Where M&A and Procurement Intersect – Accenture Spend Trends Q3 2014

The macroeconomic outlook in the quarterly Accenture Spend Trends Report is unfortunately likely to fly above the heads of many of those for which it was intended. Chief procurement officers (CPOs) and other executives – as well as the next generation of analysts and category managers – are likely to appreciate every word of it (as do we)! But few old school buyer and supply chain types enthusiastically or proactively follow GDP price trending, sentiment indicators and the like. However, at least the heart of Accenture’s category analysis will apply to them.

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Still, there are some great nuggets in the up-front section of this quarter’s report including a section on M&A – which has far reaching ramifications for procurement and, in fact, can become a self-sustaining trend because of the greater impact procurement and supply chain activities can have on making transactions accretive and generally more attractive to do in the first place.

Mark Hillman, the lead author of the report, observes:

“The M&A market continued its robust pace, driven by factors including continued low interest rates, record cash levels, strong currency in the form of stock prices and tax optimization (so- called tax inversion) strategies. In a newer twist, however, the last two quarters have seen an uptick in corporate spin-offs (Hewlett-Packard and eBayTM/PayPalTM are just two examples). In some cases, activist investors are driving for change, and in other cases, corporate boards are looking to enhance shareholder value by separating business with differing growth rates, and therefore different valuation profiles. These separations create challenges for the management of procurement at the resulting entities, but also opportunities for organizations who are clients of these firms.”

Here at Spend Matters, we’ve covered the intersection of procurement and M&A for sometime. In a recent column, we observed that the earlier procurement can insert itself in a transaction, the better. We also note that, “It is through maximizing the right set of inputs and applying the right business constraints against these criteria that we can be most successful in M&A savings opportunities. “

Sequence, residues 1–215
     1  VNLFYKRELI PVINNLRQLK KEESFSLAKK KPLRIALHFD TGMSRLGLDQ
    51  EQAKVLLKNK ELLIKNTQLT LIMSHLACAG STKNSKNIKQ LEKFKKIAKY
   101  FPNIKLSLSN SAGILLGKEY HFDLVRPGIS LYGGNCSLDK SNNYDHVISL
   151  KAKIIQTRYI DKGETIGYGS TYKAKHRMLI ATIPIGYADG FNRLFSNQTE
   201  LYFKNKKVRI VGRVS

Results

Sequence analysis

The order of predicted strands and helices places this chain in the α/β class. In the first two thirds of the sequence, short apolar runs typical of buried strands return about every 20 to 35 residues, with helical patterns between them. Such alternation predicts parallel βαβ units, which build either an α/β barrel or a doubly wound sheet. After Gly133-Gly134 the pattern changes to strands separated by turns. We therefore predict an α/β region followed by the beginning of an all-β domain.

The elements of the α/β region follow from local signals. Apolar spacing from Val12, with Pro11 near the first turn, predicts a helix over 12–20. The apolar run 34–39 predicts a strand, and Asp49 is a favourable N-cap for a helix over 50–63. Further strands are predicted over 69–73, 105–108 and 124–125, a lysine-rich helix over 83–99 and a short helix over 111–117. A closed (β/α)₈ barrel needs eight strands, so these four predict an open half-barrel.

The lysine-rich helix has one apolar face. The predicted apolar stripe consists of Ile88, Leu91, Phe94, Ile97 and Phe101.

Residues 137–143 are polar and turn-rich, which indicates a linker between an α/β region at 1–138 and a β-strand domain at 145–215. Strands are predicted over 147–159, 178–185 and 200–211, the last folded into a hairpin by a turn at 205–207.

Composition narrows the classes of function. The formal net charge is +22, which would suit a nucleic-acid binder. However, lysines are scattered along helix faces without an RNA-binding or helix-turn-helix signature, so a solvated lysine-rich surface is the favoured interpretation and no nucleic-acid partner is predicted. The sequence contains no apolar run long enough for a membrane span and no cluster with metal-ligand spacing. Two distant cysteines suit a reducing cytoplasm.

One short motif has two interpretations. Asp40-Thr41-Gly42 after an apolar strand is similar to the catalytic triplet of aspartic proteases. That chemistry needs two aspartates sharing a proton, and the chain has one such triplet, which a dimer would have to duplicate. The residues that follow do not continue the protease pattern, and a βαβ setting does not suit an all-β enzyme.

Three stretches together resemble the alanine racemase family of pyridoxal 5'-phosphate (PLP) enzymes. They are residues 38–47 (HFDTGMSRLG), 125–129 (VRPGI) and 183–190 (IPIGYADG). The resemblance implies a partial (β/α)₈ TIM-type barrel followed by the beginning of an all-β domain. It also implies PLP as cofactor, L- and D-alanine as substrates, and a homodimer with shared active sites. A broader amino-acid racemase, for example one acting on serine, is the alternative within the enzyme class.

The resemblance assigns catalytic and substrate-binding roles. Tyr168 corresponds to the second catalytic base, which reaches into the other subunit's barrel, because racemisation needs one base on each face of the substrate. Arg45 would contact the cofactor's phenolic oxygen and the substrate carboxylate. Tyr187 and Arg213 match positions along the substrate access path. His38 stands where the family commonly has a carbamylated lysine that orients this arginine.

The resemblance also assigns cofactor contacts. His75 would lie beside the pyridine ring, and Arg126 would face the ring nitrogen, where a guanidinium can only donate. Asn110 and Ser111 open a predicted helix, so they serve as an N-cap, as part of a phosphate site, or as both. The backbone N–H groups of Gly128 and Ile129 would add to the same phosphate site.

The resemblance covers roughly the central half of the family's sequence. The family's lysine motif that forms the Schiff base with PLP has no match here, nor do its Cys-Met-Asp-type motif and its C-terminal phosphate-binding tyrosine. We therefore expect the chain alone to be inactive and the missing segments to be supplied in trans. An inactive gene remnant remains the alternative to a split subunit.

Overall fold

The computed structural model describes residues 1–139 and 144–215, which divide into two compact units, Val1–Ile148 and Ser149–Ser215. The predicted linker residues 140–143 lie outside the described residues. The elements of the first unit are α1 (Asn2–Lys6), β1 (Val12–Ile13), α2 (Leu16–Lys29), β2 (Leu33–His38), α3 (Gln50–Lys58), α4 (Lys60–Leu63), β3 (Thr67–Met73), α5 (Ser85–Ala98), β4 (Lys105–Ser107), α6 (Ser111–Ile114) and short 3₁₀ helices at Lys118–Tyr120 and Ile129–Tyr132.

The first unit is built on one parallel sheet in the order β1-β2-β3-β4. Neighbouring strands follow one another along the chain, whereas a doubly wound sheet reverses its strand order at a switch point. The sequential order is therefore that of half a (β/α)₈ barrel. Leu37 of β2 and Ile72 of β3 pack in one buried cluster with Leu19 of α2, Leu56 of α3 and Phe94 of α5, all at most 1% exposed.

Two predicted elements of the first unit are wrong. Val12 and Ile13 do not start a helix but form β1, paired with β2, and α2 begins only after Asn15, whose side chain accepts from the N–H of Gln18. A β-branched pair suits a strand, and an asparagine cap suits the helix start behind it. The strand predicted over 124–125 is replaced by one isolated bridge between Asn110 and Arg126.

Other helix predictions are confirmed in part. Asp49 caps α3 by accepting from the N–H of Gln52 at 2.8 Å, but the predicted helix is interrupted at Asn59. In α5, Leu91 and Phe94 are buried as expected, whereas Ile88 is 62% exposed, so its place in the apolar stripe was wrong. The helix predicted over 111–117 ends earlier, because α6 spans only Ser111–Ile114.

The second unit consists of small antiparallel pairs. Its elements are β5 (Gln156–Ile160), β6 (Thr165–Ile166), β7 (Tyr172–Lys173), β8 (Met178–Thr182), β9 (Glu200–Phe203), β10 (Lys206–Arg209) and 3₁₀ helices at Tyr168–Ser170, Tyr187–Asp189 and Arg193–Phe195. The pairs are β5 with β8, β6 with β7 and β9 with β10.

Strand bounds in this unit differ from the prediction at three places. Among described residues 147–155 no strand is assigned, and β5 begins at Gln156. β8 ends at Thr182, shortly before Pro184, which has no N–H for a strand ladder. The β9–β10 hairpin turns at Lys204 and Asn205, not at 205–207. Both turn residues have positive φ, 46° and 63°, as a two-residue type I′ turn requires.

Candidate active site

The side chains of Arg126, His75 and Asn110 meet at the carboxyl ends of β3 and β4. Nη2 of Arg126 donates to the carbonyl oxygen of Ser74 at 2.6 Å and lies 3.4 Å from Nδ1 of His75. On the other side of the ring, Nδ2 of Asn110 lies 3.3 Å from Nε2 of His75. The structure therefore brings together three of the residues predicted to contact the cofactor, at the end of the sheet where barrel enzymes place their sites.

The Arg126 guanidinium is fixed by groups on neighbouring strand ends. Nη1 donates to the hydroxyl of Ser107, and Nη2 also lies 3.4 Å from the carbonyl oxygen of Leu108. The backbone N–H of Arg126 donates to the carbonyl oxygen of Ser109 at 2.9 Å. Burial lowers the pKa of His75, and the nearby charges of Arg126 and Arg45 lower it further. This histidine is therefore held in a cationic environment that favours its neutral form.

Consider the following areas – as taken from our “Ideas for Supply Chain Design, Mergers and Procurement” article that ran earlier this year:

Commodity management – This includes considering raw material inputs at multiple tiers of the supply chain and the cost of floating or locking in contracts, premiums, etc.

Inventory – How much, and who should hold it? What are the minimum safety stock requirements? Are there total cost advantages to moving to vendor management inventory (VMI) or just-in-time programs (JIT) – and for whom? Can lower-tier inventory management programs actually increase risk, as an example – or is it possible to share in the upside at this level of the supply chain as well?

Currency – What currencies should goods/services be purchased in? Is there currency risk exposure at different levels of the supply chain? If so, how can these be offset or hedged?

Supplier value-add – Value-add could include everything from simple distribution type services to having suppliers develop full components from individual piece parts and base materials. The question of “who should add what” to the individual materials, parts, components and products as goods progress through the inbound supply chain is potentially the most complicated to consider and involves carefully understanding supplier capabilities, cost structures and a range of other inputs (including those listed above).

M&A and procurement is a critical topic that we should all be versed in. For additional reading, please see related stories below.

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